First sinking of a U-boat by a Q-ship around the Irish Coast on 22 March 1916 100 years ago today on 22 March 1916 the commander of the German U-boat U-68 (pictured below) spotted a Merchant Navy vessel off the coast of SW Ireland near Dunmore Head and decided to attack. He fired a torpedo which missed its target but, seeing the panic on board the merchantman, decided to surface in order to sink her with his gun. Little did he realise he was attacking the 3200 tonne Q-Ship HMS Farnborough. Q-Ship’s were merchantmen armed with concealed weaponry. They were intended to lure submarines to the surface before exposing the weaponry, typically a deck gun, and opening fire upon the submarine. The name ‘Q-ship’ is derived from the name of their WW1 base i.e. Queenstown, Co Cork. One such Q-ship, HMS Result (built in Carrickfergus), is on display at the Ulster Folk and Transport Museum. The term ‘Panic Stations’ originates with Q-ships. Once a Q-ship was attacked, the order ‘Hands to Panic Stations’ would be given. This would result in the crew acting panicked, possibly launching lifeboats to give the impression of abandoning ship, in order to draw attention away from the remaining crew who would be preparing to fire the weaponry. On board HMS Farnborough, Lieutenant Commander Gordon Campbell ordered ‘Panic Stations’ upon seeing the torpedo. The panic party got away in a lifeboat and the remaining crew readied the deck gun. U-68 surfaced and closed in on Farnborough from astern which duly raised its White Ensign and opened fire hitting U-68 which quickly dived. Farnborough manoeuvred into position and dropped a depth charge which lifted the bow of U-68 to the surface. This allowed Farnborough to open fire gaining further hits on the submarine’s conning tower which soon disappeared beneath the surface. Farnborough dropped two further depth charges which sealed the fate of the already sinking U-68 with the loss of all hands. As a result of his actions, Lieutenant Commander Campbell was promoted to Commander and awarded a DSO. HMS Farnborough was later torpedoed by U-83, beached and subsequently scrapped (see picture below). GRATEFUL, hired drifter, 25 March 1916, North Channel - 107grt, built 1907, Inverness-reg INS322, hired 2/15 as net drifter, 1-3pdr, Admiralty No.2399, 9 crew, Skipper W Ralph (He - Skipper John Reaich RNR), sailing in WNW force 8 gale and snow storm. Driven ashore 100yds from Lloyd's Signal Station, Torr Head, Co Antrim (wi - in 55.11.50N, 06.03.45W); Coastguard called Portrush RNLI, but coxswain “reluctant to leave the harbour in such heavy seas”, later launched with another coxswain and volunteers from Portstewart as well as Portrush, reached the scene at 0900, but all crew already rescued by breeches buoy three hours before. Salvaged, served in WW2 (H/C/D/He/dk/wi) BEGONIA, fleet sweeping sloop, 29 March 1916, Atlantic off S Ireland - Azalea-class, 1,200t, on patrol. Torpedoed by U.44 (Paul Wagenführ), towed into Queenstown; 2 ratings lost. Reconstructed at Haulbowline to resemble small coaster 1916-17, commissioned 8/17 as Q-ship Q.10 (Cn/D/qs/un) ZYLPHA, Q-ship/special service ship, 12 April 1916, Atlantic off SW Ireland - ex-collier, 2,917grt, built 1894, in service from 9/15 as Q.6, 3-12pdr, Lt-Cdr John Macleod. Submerged U-boat attempted torpedo attack, but failed. Zylpha proceeded to Bantry Bay to alter her appearance (Cn/D/qs/sk) BLUEBELL, fleet sweeping sloop, 23 April 1916, Irish waters – during the Irish Easter Rebellion, Bluebell intercepted German auxiliary Libau, disguised as Norwegian tramp SS Aud carrying arms in support of the Irish rebellion. Aud scuttled off Queenstown GERMAN RAID ON LOWESTOFT AND YARMOUTH, 25 April 1916, North Sea - The German High Seas Fleet was expected to make a demonstration in the North Sea, possibly in support of the Irish Easter Rising which broke out on the 24th. Grand Fleet was ordered out, together with Harwich Force which included 5th LCS Conquest (broad pendant, Cdre Tyrwhitt), Cleopatra and Penelope, leader Lightfoot with 7 destroyers, followed by leader Nimrod with 8 more, then by two divisions of L-class destroyers operating with Dover Patrol. Sailing on the night of 24th/25th, Harwich Force ran up the East coast while destroyer Melampus with six Yarmouth-based submarines positioned them first between Southwold and the Hook of Holland, then in a more northerly position. The German 1st SG, less Seydlitz which struck a mine that morning, was sailing to bombard Lowestoft and Yarmouth. Harwich Force sighted the Germans about 0350 and tried to induce them to chase south, but instead Lowestoft was badly shelled around 0410. The 1st SG then headed north for Yarmouth, Harwich Force followed and probably helped save Yarmouth from a full half hour battlecruiser bombardment. Tyrwhitt opened fire on the German light cruisers at 0430, the battlecruisers stopped bombarding to support their cruisers, and were sighted at 0445, following which Tyrwhitt turned south and came under heavy, accurate fire. Cruiser Conquest, now at the rear of 5th LCS line was severely punished and destroyer Laertes damaged. The Germans now headed back home, their retirement covered by Flanders-based U-boats including UB.18 and UB.29 off Lowestoft/Yarmouth. Adm Beatty's battlecruisers, Harwich Force and the submarines continued to search and seek action, then as Harwich Force returned home after recall, Penelope was torpedoed just before 1000 and patrolling submarine E.22 sunk around 1145: BRADFORD, hired trawler, 28 October 1916, Atlantic off S Ireland - 163grt, built 1896, Grimsby-reg GY132, Consolidated Steam Fishing & Ice, hired 1915 (D - 11/14) as patrol vessel, 1-6pdr, Admiralty No.829, 12 crew, Skipper William Bruce RNR, believed Queenstown-based, took part in rescuing Lusitania survivors in 1915, on patrol. (dk - casualties dated lost 26th) – last seen at 1640 on the 26th, disappeared and believed foundered in gale off Old Head of Kinsale, Co Cork, presumed on the 28th (wi - in 51.30N, 08.30W); Skipper and 11 ratings lost, no survivors (H/Lr/C/D/He/ap/dk/wi; ADM.137/455) FILEY, Admiralty trawler, 2 October 1916, Atlantic off N Ireland - 226grt, built 1914, Hull-reg H8, Hull Steam Fishing, purchased 1915, in service from 3/15, 1-12pdr, Admiralty No.1363, Skipper Daniel Stather RNR, serving as patrol vessel. Driven ashore in high winds and seas in Camusmore Bay, Tory Is, off Co Donegal, wrecked and abandoned; no lives lost. Salved 1917 (D/He - salved in 1917 and re-acquired July 1918), believed assigned new Admiralty No.3826, sold 1920 (H/Lr/C/D/He/dk/hw; ADM.137/282) DAFFODIL, fleet sweeping sloop, 15 December 1916, believed southern Ireland – serving with 1st Sloop flotilla, Queenstown. Damaged in collision, one man DOI next day (dk/pl) Mark McCrea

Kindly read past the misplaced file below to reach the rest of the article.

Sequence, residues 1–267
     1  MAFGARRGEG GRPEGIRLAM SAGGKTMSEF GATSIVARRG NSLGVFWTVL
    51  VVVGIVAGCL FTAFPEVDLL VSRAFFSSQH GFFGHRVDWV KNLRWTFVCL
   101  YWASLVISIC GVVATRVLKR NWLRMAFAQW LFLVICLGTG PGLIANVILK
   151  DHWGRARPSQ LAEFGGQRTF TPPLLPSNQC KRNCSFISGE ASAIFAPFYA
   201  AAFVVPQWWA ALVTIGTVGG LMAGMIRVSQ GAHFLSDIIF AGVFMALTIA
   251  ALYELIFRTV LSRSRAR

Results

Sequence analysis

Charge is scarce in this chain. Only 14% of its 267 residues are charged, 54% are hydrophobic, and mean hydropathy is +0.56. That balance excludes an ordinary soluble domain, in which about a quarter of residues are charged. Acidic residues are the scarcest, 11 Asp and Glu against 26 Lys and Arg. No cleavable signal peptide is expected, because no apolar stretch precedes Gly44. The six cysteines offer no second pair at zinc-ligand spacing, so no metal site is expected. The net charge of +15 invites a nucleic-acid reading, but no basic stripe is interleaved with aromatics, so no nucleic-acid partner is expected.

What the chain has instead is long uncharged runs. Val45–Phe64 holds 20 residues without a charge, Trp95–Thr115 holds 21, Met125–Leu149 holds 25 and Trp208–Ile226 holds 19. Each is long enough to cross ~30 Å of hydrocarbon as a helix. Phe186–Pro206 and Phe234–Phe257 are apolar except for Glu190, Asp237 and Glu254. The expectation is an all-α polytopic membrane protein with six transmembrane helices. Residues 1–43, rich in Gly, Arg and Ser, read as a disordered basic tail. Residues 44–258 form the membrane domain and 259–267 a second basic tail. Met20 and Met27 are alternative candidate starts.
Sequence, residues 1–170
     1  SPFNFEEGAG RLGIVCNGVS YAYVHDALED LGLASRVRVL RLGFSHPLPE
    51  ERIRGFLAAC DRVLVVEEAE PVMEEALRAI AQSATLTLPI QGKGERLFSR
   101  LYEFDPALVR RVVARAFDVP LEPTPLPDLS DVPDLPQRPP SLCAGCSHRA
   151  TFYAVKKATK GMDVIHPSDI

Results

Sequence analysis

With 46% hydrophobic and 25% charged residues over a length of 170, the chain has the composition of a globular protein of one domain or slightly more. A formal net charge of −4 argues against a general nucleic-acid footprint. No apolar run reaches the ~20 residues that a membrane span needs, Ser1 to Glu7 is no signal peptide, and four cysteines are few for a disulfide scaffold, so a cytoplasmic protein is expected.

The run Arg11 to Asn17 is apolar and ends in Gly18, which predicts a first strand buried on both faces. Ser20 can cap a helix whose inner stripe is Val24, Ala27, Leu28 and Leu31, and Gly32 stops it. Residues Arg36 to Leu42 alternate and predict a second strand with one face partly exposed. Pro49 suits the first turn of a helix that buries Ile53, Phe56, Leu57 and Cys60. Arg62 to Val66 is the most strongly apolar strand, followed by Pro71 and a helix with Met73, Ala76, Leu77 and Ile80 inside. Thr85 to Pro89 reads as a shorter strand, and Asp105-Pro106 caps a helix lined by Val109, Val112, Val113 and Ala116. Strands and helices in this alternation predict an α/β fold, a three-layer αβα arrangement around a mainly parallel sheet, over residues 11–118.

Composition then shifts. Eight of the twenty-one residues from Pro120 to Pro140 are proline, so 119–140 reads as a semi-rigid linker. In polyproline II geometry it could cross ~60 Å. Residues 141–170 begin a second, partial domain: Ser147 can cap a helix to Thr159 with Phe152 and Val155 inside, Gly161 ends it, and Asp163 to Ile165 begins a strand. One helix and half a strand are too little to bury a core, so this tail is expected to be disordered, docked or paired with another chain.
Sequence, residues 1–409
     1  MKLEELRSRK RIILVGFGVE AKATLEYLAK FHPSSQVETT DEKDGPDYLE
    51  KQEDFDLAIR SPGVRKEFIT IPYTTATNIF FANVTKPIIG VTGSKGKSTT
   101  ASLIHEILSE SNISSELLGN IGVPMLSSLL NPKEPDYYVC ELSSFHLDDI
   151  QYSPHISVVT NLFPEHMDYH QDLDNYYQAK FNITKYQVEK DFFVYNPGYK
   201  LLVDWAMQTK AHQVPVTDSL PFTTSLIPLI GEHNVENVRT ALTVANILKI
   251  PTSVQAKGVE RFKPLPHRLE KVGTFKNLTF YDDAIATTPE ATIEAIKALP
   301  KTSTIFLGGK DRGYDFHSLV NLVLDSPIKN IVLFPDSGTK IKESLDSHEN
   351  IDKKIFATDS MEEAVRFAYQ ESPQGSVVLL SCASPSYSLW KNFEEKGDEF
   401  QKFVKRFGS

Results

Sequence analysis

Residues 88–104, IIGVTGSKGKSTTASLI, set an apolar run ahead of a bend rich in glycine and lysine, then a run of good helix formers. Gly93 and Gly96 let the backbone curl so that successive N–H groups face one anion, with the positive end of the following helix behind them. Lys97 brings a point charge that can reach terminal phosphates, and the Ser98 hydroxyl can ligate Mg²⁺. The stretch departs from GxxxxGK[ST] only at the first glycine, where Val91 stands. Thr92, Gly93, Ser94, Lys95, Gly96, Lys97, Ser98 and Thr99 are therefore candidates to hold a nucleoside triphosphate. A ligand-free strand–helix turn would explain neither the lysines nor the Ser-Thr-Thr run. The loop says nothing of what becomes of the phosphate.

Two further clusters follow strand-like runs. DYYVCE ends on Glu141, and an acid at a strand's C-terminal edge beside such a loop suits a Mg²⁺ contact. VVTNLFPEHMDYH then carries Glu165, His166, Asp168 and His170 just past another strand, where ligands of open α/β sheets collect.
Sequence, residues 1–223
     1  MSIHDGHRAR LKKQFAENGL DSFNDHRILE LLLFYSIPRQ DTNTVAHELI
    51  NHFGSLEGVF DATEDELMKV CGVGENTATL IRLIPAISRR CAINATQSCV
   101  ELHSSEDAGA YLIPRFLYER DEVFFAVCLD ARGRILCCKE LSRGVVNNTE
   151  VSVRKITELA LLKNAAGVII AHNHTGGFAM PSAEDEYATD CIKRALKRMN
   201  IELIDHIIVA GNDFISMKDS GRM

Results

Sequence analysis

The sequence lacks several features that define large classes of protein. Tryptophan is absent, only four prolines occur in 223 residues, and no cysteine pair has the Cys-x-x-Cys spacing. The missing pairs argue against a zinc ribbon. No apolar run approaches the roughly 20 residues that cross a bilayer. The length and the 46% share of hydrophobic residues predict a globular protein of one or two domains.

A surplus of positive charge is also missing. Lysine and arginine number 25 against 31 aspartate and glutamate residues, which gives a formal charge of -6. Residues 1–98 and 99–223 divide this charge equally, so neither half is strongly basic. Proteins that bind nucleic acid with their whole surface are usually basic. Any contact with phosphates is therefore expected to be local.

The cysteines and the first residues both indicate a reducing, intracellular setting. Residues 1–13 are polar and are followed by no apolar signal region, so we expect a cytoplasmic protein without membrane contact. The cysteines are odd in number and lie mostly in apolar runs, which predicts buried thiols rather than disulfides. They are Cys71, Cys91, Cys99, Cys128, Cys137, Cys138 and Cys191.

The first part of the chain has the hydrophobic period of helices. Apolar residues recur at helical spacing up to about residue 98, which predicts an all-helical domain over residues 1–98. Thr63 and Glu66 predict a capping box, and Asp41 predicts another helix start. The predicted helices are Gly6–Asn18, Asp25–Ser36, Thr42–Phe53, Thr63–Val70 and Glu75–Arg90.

On Saturday 19th March, participants of North Belfast Remembers set sail glass bottles with LED lights and details of individual men and women from North Belfast who served in the First World War. Adults and children across North Belfast took part in workshops to tell the stories of First World War servicemen from their areas. The adults have researched a serviceman and written a letter to a local child about his life. Each child received a letter and designed their glass bottle to represent his story. This memorial event was the culmination of the project when the participants released their letters in painted glass bottles into the water at the Titanic Pump House near HMS Caroline. Members of the public were invited to bring their ancestor’s story and write a message for a bottle which was provided on site and was thrown into Alexandra Dock. The sea of lights was a poignant reminder of those who died in the First World War. Adult groups taking part were: The Hubb Community Resource Centre on the Shore Road, Survivors of Trauma Centre from Cliftonville, Alexandra Presbyterian Church on the York Road, Dalariada Community Organisation, ACT North Belfast and Brantwood History Group from Skegoneill Avenue. Children’s groups taking part were the Hammer Youth Centre and Clonard Youth, the Church of God Boys Brigade on the Shankill, The Hubb Community Resource Centre on the Shore Road and Ardoyne Youth Club. This project has been funded by Belfast City Council and Community Relations Council.